The new 19th?

Golfers everywhere refer to the clubhouse as the 19th hole. The last place of refuge. A place to celebrate their victories or drown their sorrows. Back in the day, when I was no stranger to fairways and bunkers and talked animatedly about birdies and eagles, I, too, enjoyed a tipple and the accompanying reflection at the 19th.

On a roadtrip recently through northwestern Hungary, we’d booked ourselves in for a night at the Forest Hills Golf and Country Club. While the English translation of the website leaves a lot to be desired, I caught the essence of what was on offer and for once didn’t cross it off my list of options because no one took the trouble to check the grammar [and you know how difficult that was for me….]. That it was a reasonable €65 pn B&B wasn’t the deciding factor either. What swayed me  was the fact that it had its own chapel  in the grounds. This I had to see.

I had visions of golfers invoking the protection of St Andrew, the patron saint of golf, before teeing off, perhaps even asking him to favour them over their matchplay opponent or praying that their mixed partner would be on form. The idea of providing a pit-stop for prayer before the first tee or after the last green had me completely intrigued.

The history of the place (or what I could glean from the website) dates back to the post-war years when the owner moved from Budapest to the nearby village of Bakonyjákó. Building a golf course was a dream project… one he made come true. Kudos due for that alone.

 The chapel itself is tiny – but does the business. It was built to commemorate the birth of his son and stands in the grounds near the clubhouse. I’d had visions of a restored ruin so although it wasn’t quite what I’d expected, I’m glad we made the choice we did. The staff were lovely – I felt completely at home and would happily have stayed a week. They’ve managed – one and all – to hit on just the right amount of attention and are very much on the ball. The food was excellent. It even inspired me to add gnocchi to my culinary repertoire.

 

 

 

 

I counted six others at breakfast; it wasn’t a packed weekend. But apparently the weekend before had been booked solid. Were I asked to make a suggestion or two or two for improvement – I’d add some English-language books to the library and do something to improve the WiFi connection.  Minor really. There’s plenty to do and it’s a great base for seeing the likes of Zirc and Pannonhalma. If you’re in the neighbourhood, drop by.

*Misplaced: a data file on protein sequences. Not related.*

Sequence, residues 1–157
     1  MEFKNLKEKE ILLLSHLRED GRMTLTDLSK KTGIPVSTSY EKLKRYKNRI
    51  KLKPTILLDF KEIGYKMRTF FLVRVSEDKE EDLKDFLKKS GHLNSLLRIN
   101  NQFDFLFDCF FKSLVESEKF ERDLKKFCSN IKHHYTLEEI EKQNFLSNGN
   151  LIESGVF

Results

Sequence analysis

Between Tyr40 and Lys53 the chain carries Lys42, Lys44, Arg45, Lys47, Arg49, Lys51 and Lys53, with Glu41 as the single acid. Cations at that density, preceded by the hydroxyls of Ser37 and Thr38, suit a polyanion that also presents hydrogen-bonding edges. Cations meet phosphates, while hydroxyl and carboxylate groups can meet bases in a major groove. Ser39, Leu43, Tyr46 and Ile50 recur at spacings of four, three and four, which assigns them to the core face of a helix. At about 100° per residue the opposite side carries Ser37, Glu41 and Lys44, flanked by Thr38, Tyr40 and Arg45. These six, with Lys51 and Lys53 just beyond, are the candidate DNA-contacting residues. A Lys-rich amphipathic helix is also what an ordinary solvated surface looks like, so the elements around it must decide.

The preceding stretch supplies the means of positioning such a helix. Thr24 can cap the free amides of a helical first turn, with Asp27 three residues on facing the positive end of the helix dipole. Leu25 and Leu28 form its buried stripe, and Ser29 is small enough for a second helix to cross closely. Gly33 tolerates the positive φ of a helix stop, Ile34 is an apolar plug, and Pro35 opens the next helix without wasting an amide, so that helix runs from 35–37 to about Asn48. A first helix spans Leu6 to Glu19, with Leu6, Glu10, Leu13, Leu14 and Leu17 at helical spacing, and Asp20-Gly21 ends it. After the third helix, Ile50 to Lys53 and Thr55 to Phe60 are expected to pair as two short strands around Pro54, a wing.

Share :

Share on twitter
Share on telegram
Share on whatsapp

Subscribe to get notified when I publish something new.

  • Explore

    • Book reviews (36)
    • Catriona Loughrey (1)
    • Cemeteries (35)
    • Hungary (116)
    • Ireland (86)
    • Markets (23)
    • Uncategorised (37)
    • Village life (88)
  • Talk to me...

    %d bloggers like this:

    By continuing to use the site, you agree to the use of cookies. more information on cookies and GDPR

    Cookies and GDPR Compliance

    The cookie settings on this website are set to "allow cookies" to give you the best browsing experience possible. If you continue to use this website without changing your cookie settings or you click "Accept" below then you are consenting to this.

    General Data Protection Regulation

    If you have voluntarily submitted your email address so that you can receive notifications of new posts, please be assured that I don't use your address for anything other than to do just that - and that's done automatically. I might use your address, if I knew how to, but I don't.

    This blog does not make money, it does not carry sponsored content, it has no ads for which I receive any form of payment. If I review a place or a restaurant or a book, I don't receive any compensation from anyone. I wish I did, but that would require marketing myself and life is too short. If something changes, I will be sure to let you know.

    You can unsubscribe at any time by clicking the unsubscribe or manage subscription links at the bottom of every email you receive. When you comment on a blog post, Google Analytics tracks where you're posting from. This is stored and I can check my stats to see how many clicks I had today, where people clicked from, and what they clicked on. That's it. Nothing more.

    I reserve the right to delete comments that are offensive, particularly to other commenters. If you want to have one of your comments deleted, the please get in touch with me at: mary@irjjol.com. I'm all for the right to be forgotten so will happily oblige.

    So, in a nutshell, if you give me your email address voluntarily to subscribe to new posts or if you opt to subscribe to new comments, then you email is just used for this. Nothing else. Promise.

    Close